# Precision and Accuracy Uncertainty in Measurements.

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Precision and Accuracy Uncertainty in Measurements

Precision and Accuracy Uncertainty  a measurement can only be as good as the instrument or the method used to make it. Ex. Cop’s Radar Gun vs. Car’s Speedometer. Bank sign Thermometer vs. your skin.

Precision and Accuracy Accepted Value  A measurement deemed by scientists to be the “true measurement.” Accuracy  The Closeness or proximity of a measurement to the accepted value. The difference between the actual measurement and the accepted value is called the ABSOLUTE ERROR.

Precision and Accuracy Precision  A proven agreement between the numerical values of a set of measurements done by the same instrument and/or method. The Difference between the set of measurements is expressed as Absolute Deviation..

Precision and Accuracy Precision  refers to the reproducibility of a measurement. Significant Figures  are the digits used to represent the precision of a measurement. SIG. FIGS. are equal to all known measurements plus one estimated digit.

Rules for Significant Digits 1)ALL NON-ZERO DIGITS ARE SIGNIFICANT 2)EXACT NUMBERS  have an infinite number of significant numbers. Exact #s are #s that are defined not measured. Numbers found by counting or used for conversions such as 100 cm = 1 m. 3) Zeros can be both significant or insignficant

Rules for Significant Digits The Three Classes of Zeros A. Leading Zeros  Zeros that precede all of the non-zero digits are NOT significant. Ex. 0.0025 mg  has only 2 sig. figs.( the 2 & 5) all three zeros are not significant.

Rules for Significant Digits B. Captive Zeros  Zeros between two or more nonzero or significant digits ARE significant. Ex. 10.08 grams All four #s are significant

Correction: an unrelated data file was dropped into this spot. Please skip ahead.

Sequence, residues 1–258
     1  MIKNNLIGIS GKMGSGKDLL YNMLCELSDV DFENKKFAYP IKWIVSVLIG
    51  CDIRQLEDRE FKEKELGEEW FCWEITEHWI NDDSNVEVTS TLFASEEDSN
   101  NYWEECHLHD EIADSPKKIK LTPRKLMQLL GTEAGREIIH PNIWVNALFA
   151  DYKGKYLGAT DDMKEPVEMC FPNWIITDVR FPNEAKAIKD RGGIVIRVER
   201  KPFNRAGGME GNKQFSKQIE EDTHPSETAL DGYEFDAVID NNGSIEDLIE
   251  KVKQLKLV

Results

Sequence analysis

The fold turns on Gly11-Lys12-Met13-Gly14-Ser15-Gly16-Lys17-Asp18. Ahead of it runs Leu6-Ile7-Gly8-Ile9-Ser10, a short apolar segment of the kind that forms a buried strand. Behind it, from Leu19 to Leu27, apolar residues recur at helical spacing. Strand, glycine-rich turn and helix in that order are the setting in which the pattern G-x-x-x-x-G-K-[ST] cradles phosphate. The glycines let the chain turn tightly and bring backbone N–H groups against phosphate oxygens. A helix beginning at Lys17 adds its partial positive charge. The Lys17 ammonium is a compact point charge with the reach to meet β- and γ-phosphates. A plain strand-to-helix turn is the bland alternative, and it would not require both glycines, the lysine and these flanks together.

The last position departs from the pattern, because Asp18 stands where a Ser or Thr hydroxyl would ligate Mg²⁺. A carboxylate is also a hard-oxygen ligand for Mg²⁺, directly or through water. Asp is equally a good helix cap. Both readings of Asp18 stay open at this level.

Rules for Significant Digits C) Trailing Zeros  Zeros located to the right of a nonzero or significant digit ARE Significant ONLY if there is a decimal in the measurement. Ex. 20.00 lbs  Has four sig. figs. 2000 lbs  Has only 1 sig. figs

Calculations with Significant Digits Addition and Subtraction:: The answer must be Rounded so that it contains the same # of digits to the right of the decimal point as there are in the measurement with the smallest # of digits to the right of the decimal. 13.89 years + 0.00045 years = 13.89045 years Rounds to 13.89 years 2 places to the Rt.

Calculations with Significant Digits Multiplication or Division The product or quotient must be Rounded so that it contains the same # of digits as the least significant measurement in the problem. Ex. ( 2.2880 ml )(0.305 g/ml ) = 0.69784 g Ans. Must be rounded to 3 sig. figs. mass = 0.698 g

Rules for Rounding Numbers If the digit immediately to the right of the last significant figure you want to retain is ::  Greater than 5, increase the last digit by 1 Ex) 56.87 g  56.9 g

Rules for Rounding Numbers If the digit immediately to the right of the last significant figure you want to retain is ::  Less than 5, do not change the last digit. Ex) 12.02 L  12.0 L

Rules for Rounding Numbers If the digit immediately to the right of the last significant figure you want to retain is ::  5, followed by nonzero digit(s) increase the last digit by 1 Ex. 3.7851 seconds  3.79 seconds

Rules for Rounding Numbers If the digit immediately to the right of the last significant figure you want to retain is ::  5, not followed by a nonzero digit and preceded by odd digit, increase the last digit by 1. Ex. 2.835 lbs  2.84 lbs

Rules for Rounding Numbers If the digit immediately to the right of the last significant figure you want to retain is ::  5, not followed by a nonzero digit and preceded by even digit, do not change the last digit. Ex. 82.65 ml  82.6 ml